When it comes to individual retirement
accounts, you have several choices. All offer some tax
savings. The big difference is when, exactly, you get
For some people, a traditional IRA still
has a lot of appeal. These taxpayers find that this
type of savings plan helps build tomorrow's nest egg
while reducing today's taxes.
Single filers who have no company retirement plan can
contribute -- and deduct from their taxes -- up to $4,000
they put in a traditional IRA for the 2006 tax year.
Married couples filing jointly and who
have no employer-provided plans can deduct up to $8,000
in contributions, $4,000 in separate IRAs for each partner.
The contribution limits are even better
for workers age 50 or older. They can sock away an extra
$1,000 each tax year.
If you've already made your 2006 contributions
and are planning your 2007 taxes, the same limits apply this year.
Before the lure of lower taxes prompts
you to open a traditional IRA, be aware that a $4,000
contribution won't automatically cut your tax bill by
that much. Rather, at the bottom of Form 1040 or Form
1040A you subtract your contribution amount from your
income to come up with your adjusted gross income and
then you figure your tax bill. But the less taxable
income you have, the smaller the check you have to send
to the Internal Revenue Service.
OK, even though it's not a direct contribution-to-write-off
situation, you've determined that a traditional IRA
is a good move, but you don't have the money right now.
No problem. Just becasue the tax year ended on Dec. 31, that doesn't mean your annual contribution opportunity stopped then, too.
The allowable contribution amounts can
be deposited into your traditional IRA as late as the
filing deadline -- April 17 this year -- and still count
toward cutting your current tax bill. You even can file
your return before you make your contribution.
Just be sure you actually put the money
in your account by the April deadline. Remember: The
financial institution that manages your IRA sends account
activity information to Uncle Sam as well as to you.
Of course, for every rule that makes it easier to contribute
to a traditional IRA, there are others that complicate
the deduction process.
If you or your spouse have a retirement
account at work, including a 401(k) plan option or a
Keogh or SEP-IRA for self-employment income, you might
not be able to take the full tax break of a traditional
IRA. But all immediate tax savings may not be lost.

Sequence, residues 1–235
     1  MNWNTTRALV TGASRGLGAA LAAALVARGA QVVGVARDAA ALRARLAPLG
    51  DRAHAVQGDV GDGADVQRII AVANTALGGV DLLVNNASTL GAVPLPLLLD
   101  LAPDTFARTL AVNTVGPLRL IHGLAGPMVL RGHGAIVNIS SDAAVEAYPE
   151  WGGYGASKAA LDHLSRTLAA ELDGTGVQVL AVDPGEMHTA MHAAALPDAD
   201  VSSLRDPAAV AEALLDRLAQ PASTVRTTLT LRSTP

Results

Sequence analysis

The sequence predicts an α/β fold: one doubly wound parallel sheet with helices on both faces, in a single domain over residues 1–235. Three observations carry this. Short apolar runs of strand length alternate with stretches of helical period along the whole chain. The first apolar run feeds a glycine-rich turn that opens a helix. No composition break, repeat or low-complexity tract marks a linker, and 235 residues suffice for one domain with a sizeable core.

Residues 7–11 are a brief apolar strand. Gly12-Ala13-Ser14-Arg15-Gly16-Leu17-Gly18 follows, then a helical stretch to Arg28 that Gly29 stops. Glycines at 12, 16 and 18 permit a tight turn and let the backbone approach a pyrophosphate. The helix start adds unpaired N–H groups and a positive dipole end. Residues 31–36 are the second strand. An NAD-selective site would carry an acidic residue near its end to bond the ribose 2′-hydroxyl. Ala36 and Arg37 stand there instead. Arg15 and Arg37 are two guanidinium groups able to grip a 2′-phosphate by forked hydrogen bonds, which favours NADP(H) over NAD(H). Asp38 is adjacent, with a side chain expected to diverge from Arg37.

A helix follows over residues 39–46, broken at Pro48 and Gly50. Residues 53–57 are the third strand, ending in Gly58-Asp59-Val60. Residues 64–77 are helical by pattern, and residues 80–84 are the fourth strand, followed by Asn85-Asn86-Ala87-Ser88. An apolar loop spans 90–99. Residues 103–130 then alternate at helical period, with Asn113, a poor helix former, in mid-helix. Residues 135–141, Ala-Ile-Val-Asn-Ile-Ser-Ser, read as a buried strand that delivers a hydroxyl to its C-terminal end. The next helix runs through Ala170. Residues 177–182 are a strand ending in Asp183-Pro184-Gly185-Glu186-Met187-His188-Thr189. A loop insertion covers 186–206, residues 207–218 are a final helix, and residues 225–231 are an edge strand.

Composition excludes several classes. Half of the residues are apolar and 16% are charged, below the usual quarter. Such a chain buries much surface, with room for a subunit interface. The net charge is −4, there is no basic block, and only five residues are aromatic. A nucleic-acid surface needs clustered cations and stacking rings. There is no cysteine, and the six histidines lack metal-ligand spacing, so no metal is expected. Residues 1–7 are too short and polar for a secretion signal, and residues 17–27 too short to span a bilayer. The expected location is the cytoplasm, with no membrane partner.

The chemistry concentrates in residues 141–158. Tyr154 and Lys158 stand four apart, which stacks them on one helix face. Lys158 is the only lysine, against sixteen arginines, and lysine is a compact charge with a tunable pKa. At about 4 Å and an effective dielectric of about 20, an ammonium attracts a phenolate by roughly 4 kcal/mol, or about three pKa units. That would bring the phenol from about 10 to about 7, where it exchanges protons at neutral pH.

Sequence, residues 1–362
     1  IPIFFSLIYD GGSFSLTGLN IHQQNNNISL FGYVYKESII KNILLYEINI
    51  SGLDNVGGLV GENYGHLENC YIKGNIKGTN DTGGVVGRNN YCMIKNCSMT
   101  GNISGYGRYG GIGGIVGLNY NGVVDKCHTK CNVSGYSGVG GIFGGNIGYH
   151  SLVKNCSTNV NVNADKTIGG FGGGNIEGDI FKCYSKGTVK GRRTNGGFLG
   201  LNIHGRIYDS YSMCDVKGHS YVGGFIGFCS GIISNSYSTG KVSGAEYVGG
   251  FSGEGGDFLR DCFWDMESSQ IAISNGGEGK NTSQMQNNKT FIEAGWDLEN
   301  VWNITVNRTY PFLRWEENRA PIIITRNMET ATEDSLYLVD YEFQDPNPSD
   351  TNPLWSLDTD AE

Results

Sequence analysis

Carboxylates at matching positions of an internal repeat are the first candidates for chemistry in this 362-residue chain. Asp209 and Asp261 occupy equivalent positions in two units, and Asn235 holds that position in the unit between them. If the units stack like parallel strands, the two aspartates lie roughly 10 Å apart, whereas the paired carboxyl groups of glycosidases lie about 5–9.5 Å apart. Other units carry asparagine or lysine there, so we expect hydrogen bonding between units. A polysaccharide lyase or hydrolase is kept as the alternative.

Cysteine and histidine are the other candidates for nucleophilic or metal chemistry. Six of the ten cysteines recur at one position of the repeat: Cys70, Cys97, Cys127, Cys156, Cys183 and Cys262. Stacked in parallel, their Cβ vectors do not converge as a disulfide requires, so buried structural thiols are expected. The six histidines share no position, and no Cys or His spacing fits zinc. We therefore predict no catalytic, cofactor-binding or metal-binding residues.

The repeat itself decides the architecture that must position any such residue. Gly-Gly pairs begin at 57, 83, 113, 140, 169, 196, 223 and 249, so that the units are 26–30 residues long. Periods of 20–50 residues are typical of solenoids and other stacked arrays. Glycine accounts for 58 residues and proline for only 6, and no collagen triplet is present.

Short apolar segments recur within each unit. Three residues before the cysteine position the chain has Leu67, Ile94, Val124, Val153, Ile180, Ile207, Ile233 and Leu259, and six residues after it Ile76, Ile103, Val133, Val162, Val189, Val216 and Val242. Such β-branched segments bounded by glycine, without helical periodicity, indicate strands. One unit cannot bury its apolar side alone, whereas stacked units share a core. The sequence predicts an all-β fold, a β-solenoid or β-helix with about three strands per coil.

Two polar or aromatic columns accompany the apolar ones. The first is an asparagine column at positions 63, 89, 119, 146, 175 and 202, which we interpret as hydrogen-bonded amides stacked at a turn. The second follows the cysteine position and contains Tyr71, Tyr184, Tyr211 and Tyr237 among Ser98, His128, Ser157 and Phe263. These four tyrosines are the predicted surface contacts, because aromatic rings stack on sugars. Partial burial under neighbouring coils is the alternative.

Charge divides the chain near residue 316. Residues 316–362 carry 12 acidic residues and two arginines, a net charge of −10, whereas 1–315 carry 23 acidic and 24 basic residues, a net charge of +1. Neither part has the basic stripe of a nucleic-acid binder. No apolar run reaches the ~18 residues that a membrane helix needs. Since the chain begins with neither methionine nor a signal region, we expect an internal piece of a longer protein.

Some of your traditional IRA contribution still might
be deductible, as long as your income is below IRS limits.
For 2006 returns, a single or head-of-household
filer with a company-provided pension plan can earn
up to $60,000 and still get a partial IRA deduction.
The earnings cap is $85,000 for joint filers where each
partner has a company retirement plan. If you don't
have a company plan but your spouse does, the modified
adjusted gross income limit before you lose your full
deduction is even higher -- $160,000.
The work sheet in both the Form
1040 instructions, or 1040A
booklet if you file that form, will help you figure
out how much of your contribution you can deduct.
Employer-sponsored retirement options aside, keep in
mind that you might not be able to max out your IRA
contribution at $4,000.
You can only contribute, and potentially
deduct, as much as you earn. If you make $3,800 this
year, then that's the most you can put in any IRA.
And if you're 70½ or older, you can't
put any more money into your traditional IRA. In fact,
that's the age when the IRS
demands you start taking money out of your traditional,
tax-deferred retirement account.
So is a traditional IRA right for you?
Only a thorough examination of your overall financial
and tax circumstances can tell. Do your homework, and
look at the earnings potential and tax savings -- now
and in the future -- of each IRA type. You've got until
the tax-filing deadline to decide which is best for
Freelance writer Kay
Bell writes Bankrate's tax stories from her home in
Texas, and blogs on tax topics at Don't
Mess with Taxes.